Concur totally . . . that is great advice. I agree . . . twice a week is ideal. Here’s why.
I have found that most students need time to digest material and flight lesson experience, before moving on. If the curriculum gets compacted, rushed or overwhelming, it actually impedes learning, which can lead to discouragement and loss of enthusiasm.
There is a long history, especially in general aviation, of student not finishing their training. Going about it in a reasonable, methodical way increases the chance of success.
I caution new prospects to not bite off more than they can chew.
Easy does it!
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Scooper
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Re: Planning My Training

Postby Scooper » Fri Apr 05, 2019 9:14 am

I also concur with Dr. Shuch's advice. Training that is too aggressive is like trying to drink water from a fire hose and leads to poor retention. Twice a week gives you time to absorb what you learn without forgetting what you learned because there has been either too much time or too little time between lessons.

Twice a week worked for me; it took 5.5 hours to solo and 40 hours to get my private certificate through the Vandenberg AFB aero club. My instructor was also an active duty USAF C-130 command pilot.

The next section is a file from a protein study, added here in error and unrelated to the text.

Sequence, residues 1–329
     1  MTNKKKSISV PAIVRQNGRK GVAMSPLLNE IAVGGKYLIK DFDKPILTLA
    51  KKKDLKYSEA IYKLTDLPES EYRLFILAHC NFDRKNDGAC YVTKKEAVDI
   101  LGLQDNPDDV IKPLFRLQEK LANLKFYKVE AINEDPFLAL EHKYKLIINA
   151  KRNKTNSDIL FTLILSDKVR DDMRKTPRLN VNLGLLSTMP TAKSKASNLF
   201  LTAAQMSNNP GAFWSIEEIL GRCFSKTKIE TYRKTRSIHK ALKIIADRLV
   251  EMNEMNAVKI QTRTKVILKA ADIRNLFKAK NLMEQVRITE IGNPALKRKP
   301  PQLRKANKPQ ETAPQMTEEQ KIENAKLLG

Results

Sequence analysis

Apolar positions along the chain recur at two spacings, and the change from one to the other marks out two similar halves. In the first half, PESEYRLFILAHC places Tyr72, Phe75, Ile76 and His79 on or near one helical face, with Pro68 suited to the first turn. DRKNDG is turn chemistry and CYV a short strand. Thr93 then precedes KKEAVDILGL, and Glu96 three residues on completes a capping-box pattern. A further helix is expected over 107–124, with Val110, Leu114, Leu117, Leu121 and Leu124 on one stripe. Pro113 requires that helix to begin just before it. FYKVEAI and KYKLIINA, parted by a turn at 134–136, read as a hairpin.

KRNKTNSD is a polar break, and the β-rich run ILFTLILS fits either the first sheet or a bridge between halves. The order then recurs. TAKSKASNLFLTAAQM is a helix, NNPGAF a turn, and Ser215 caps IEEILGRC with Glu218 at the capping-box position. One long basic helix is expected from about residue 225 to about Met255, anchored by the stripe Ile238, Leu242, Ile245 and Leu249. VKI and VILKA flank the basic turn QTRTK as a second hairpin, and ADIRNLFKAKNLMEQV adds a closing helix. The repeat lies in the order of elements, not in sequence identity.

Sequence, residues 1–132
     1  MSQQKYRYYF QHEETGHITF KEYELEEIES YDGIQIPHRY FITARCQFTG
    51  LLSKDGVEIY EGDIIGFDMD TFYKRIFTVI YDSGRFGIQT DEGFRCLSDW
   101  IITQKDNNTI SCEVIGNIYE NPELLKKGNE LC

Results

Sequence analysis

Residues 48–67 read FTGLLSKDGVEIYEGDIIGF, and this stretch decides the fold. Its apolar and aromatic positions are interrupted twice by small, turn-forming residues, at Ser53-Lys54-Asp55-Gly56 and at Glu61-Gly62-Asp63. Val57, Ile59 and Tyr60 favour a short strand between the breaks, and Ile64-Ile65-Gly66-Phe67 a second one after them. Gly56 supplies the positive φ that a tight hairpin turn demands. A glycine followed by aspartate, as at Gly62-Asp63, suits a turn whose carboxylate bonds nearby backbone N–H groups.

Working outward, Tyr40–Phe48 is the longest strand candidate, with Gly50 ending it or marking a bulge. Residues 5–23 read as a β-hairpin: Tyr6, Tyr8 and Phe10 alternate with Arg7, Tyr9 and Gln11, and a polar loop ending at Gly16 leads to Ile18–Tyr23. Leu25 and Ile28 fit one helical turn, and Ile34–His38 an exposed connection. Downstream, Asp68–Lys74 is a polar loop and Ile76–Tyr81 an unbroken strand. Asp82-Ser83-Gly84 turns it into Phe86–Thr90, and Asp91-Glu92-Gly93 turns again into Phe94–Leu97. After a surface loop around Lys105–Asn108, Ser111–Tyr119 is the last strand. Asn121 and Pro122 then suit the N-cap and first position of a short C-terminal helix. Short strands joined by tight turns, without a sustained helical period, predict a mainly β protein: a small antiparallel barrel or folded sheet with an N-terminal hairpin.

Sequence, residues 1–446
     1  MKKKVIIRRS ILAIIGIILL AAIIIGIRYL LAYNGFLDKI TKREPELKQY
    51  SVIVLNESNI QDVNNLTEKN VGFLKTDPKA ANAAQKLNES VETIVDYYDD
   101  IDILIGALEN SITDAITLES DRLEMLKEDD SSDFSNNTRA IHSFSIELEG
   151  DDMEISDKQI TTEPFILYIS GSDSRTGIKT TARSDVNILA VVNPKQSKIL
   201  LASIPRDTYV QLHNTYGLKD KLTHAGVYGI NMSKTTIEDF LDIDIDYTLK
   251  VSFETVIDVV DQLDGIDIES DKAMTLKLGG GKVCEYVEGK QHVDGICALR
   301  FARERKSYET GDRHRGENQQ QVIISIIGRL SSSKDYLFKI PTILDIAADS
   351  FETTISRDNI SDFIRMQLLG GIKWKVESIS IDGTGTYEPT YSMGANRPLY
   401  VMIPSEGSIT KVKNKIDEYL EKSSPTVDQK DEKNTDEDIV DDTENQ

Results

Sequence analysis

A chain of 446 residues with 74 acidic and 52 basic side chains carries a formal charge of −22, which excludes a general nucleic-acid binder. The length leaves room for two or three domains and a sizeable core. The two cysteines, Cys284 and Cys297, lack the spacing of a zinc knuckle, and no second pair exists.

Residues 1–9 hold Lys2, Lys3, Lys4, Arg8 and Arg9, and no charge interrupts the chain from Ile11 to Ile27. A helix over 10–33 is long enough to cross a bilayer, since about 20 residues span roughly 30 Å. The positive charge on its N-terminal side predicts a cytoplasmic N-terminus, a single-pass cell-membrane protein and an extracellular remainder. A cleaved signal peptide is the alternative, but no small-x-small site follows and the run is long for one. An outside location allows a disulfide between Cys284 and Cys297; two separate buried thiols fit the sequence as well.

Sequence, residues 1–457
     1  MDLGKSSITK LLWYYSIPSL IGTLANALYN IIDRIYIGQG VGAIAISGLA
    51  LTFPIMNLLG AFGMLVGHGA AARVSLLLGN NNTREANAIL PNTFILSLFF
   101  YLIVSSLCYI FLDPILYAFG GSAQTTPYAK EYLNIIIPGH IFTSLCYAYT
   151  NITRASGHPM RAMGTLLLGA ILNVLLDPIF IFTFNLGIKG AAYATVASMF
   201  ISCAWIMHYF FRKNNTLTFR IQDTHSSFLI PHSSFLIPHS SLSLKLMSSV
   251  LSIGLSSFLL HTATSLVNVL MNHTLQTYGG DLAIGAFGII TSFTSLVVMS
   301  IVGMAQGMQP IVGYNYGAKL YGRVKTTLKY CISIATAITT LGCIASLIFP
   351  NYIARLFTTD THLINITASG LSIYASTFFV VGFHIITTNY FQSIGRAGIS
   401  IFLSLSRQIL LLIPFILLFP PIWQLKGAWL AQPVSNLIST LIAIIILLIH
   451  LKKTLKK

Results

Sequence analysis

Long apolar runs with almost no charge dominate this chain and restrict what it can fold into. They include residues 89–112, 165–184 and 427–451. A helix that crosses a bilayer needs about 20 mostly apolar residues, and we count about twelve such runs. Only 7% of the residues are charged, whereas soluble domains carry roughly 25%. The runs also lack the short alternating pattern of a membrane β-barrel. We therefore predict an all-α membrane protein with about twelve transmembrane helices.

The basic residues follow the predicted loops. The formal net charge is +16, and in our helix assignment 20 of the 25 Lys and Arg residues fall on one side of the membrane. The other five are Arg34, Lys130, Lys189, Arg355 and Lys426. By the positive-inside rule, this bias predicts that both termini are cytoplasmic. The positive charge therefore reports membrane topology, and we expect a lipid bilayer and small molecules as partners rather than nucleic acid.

Stan Cooper (K4DRD)
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TimTaylor
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Re: Planning My Training

Postby TimTaylor » Fri Apr 05, 2019 10:16 am

You also don't need a rigid schedule. Learning to fly should be fun. You can "go with the flow" as it works out with your schedule, your budget, and your instructor's schedule, weather, plane availability, etc. It took me almost a year to get a Private, but I was a poor high school student. I don't recommend taking that long, but a couple 2 hour flights a week seems like plenty to me.
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Type47
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Re: Planning My Training

Postby Type47 » Fri Apr 05, 2019 2:21 pm

I say go out to your airport. Make friends with guys with planes. Tag along on flights with them. I am always looking for company on my flights. Believe it or not, it’s hard to find people who just want to fly around. I can’t be the only one!
You will gain huge just by flying with someone.
Type47
2006 Tecnam P92 Echo Super
I’m not a singing grampa.